cancel
Showing results for 
Search instead for 
Did you mean: 
wt51015
Senior Contributor

Re: The facts on hunger??/ 2 Income Class Society/ $400,000 houses

In your area, what do you see as the price point that is going to separate the rich from the poor? It could be housing or vehicles or even total wealth. Like many have said, there is a growing disparity between the two classes. I would like to think I would fit into the higher one than the lower one, but where do you think you fit in?

0 Kudos
Packard27
Senior Contributor

Re: The facts on hunger??/ 2 Income Class Society/ $400,000 houses

Nationally, if you have a household income of >$160K/year and an investment portfolio (i.e. a net worth sans your primary residence, cars, and adult toys) that is measured with seven numbers, then congratulations. You are now in the top 10% in both your annual household income and your net worth vis a vis 90% of your fellow Americans. Bonus points if you managed to do so well prior to your 1/2 century birthday.

 

Good health

0 Kudos
Red Steele
Veteran Advisor

This month's Esquire Magazine

Profiles 80 of what it considers the most influential men of the last 80 years...to celebrate 80 years of publication. Actors, politicians, musicians, reformers, sports stars, etc. but do you know how many businessmen they selected? Maybe one, if the twit behind tweet would be called that.

 

Something is wrong here in utopia.

rswfarms
Senior Contributor

Re: Book: MILLIONIARE NEXT DOOR

We do have a rich part in my town that is around 20 miles south of the downtown Twin Cities area. Houses start at $750,000 and go up to around $2 Million. These $2 Million dollar houses have over 10,000 finished square feet, along with tuck under garges. This means the garges are basicaly 2 stories high with a garge entrance on the main level and then you drive around back and there is another garge entrance there at the basement level, some of them you can park 8 cars in. I have been over to some of these $2 Million dollar houses and they are just huge inside, much, much, more living space than a 5 memeber household needs .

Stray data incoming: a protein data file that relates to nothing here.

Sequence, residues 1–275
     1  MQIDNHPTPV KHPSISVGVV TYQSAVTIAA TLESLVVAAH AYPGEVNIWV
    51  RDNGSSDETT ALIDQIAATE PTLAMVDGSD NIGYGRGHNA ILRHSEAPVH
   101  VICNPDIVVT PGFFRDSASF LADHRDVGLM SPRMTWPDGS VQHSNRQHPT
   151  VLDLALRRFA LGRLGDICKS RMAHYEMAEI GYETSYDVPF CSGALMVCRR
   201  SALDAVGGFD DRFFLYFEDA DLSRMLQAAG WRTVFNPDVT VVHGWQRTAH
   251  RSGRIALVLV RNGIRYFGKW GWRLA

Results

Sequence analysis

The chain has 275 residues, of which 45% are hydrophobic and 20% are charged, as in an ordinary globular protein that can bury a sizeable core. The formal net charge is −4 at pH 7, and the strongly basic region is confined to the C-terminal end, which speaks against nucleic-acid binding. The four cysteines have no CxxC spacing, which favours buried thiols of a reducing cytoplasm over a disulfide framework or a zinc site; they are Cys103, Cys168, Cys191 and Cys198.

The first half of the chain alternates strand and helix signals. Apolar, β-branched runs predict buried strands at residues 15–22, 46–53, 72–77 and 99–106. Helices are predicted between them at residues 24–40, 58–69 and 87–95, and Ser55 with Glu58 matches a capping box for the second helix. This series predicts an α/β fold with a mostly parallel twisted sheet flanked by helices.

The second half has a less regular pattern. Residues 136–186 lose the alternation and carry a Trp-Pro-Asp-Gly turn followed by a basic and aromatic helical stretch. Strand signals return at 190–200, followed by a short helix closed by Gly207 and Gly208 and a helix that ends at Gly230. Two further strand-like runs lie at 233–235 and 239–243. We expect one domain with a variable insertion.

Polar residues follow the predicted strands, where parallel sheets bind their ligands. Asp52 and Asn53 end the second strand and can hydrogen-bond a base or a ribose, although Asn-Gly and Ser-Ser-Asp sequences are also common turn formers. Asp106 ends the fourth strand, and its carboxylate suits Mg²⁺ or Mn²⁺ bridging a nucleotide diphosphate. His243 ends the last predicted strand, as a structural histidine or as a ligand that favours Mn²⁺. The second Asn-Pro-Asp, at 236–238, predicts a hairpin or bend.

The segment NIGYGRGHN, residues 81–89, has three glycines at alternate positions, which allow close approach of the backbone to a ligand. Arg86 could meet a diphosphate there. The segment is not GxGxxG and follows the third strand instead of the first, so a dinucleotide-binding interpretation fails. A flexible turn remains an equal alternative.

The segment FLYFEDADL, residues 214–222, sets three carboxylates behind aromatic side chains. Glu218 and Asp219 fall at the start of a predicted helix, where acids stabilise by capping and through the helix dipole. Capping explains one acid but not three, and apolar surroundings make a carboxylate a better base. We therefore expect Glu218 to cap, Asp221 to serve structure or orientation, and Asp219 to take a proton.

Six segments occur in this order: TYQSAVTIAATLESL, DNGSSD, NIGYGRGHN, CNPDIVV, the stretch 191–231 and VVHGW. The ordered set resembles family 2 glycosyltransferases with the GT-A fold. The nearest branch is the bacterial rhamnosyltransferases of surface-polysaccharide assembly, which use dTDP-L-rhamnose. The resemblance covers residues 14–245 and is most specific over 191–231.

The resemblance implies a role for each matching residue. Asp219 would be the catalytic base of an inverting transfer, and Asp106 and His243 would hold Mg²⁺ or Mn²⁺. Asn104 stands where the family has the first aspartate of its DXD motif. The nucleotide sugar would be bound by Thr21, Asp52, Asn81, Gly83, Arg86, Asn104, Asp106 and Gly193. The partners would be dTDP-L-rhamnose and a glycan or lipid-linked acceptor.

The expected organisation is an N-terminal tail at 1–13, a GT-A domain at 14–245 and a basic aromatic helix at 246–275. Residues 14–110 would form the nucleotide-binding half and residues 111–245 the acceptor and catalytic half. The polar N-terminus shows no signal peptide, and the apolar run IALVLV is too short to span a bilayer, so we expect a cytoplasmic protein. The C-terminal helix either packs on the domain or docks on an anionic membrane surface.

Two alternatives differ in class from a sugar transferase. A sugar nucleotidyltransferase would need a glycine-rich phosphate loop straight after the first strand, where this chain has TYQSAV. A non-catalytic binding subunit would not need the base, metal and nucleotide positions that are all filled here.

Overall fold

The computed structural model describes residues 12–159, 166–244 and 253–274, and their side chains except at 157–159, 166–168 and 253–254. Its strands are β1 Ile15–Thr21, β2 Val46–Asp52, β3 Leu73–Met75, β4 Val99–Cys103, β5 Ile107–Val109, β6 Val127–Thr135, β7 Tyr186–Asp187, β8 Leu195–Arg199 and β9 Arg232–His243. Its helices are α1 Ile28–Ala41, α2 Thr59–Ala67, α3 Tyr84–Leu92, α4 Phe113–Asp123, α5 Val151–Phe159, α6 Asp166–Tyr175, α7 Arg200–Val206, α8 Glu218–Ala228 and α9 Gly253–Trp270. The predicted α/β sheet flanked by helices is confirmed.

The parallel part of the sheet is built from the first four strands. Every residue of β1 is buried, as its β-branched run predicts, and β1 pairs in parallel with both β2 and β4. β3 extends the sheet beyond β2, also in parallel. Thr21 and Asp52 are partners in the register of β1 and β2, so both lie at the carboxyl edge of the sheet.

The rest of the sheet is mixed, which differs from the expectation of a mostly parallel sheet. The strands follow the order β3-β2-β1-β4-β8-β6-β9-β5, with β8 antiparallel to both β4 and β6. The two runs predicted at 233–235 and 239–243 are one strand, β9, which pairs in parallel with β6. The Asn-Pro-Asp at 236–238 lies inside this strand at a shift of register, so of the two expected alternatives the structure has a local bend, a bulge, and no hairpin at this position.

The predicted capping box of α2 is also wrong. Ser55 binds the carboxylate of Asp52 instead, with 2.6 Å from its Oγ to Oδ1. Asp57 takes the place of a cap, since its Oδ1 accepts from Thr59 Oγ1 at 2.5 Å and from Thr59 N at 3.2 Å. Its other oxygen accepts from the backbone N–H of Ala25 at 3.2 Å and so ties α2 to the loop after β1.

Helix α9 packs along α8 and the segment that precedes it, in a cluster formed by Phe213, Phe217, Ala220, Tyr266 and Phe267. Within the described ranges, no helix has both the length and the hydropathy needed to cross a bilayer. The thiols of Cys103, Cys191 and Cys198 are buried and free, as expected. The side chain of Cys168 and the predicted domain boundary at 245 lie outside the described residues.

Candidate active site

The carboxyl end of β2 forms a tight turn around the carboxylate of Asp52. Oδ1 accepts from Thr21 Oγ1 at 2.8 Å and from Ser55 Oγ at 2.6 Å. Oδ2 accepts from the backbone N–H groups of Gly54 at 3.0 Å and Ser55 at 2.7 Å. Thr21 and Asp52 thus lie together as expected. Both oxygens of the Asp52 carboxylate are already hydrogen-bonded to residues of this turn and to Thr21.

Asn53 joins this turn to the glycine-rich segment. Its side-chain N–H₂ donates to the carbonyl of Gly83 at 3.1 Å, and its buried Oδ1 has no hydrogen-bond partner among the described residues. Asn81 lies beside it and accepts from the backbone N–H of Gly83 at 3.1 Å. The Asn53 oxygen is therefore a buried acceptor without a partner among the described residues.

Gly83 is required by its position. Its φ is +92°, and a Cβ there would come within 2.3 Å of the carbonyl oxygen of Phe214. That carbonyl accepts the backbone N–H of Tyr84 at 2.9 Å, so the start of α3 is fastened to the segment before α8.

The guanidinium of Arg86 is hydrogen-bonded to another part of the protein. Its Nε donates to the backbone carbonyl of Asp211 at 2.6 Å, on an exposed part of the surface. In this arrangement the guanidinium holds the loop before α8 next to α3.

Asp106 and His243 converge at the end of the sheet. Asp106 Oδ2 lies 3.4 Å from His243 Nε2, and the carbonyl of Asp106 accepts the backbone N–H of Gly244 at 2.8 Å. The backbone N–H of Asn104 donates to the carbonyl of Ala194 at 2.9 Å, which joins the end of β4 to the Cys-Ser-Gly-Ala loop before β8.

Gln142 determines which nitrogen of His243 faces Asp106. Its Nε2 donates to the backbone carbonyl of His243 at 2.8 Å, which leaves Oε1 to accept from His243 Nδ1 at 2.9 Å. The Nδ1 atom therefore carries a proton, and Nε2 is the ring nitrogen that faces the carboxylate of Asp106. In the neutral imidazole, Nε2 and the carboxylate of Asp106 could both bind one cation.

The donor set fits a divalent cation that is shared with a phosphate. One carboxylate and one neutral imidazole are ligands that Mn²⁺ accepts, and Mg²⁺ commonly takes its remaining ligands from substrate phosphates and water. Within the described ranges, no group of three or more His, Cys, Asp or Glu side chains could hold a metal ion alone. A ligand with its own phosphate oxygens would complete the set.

to live in. On cars, the middle-class wastes alot of there money on leasing a car, rather than buyimg one. They lease the $50,000 GMC Yukon's XL. and with leasing people can afford more of a car than they can afford paying cash for, so cars are not a good judge of if someone is rich or not. Also. I read a book called the "Millioniare Next Door". In it they did a survey of what kind of houses people that are multi-millioniare with a net worth of $10 to $25 Million Dollars owned. These people lived in just a $350,000 house and drove a 8 year old Ford car. So, it shows that you can not judge a person as wealthy by the house they own or the car they drive. It is there net worth that tells the true story of if they are rich or not. You should read the book, it was written by 2 college teachers and is excellent. It also tells how these people made there money. Only 5% of multi-millionares inherited there money..

 

0 Kudos
rswfarms
Senior Contributor

Re: The facts on hunger??/ 2 Income Class Society/ $400,000 houses

interesting on the top 10%. I meet that level if you count the farmland I own and the income it generates, but I do not consider myself weathly at all. I think of myself as just upper middle-class. In fact my wife still cuts out coupons to buy our food with at the grocery store and she has even bought some of our sofa's and end tables at the ;ocal GOODWILL Store.

0 Kudos
sw363535
Honored Advisor

Re: The facts on hunger??/ 2 Income Class Society/ $400,000 houses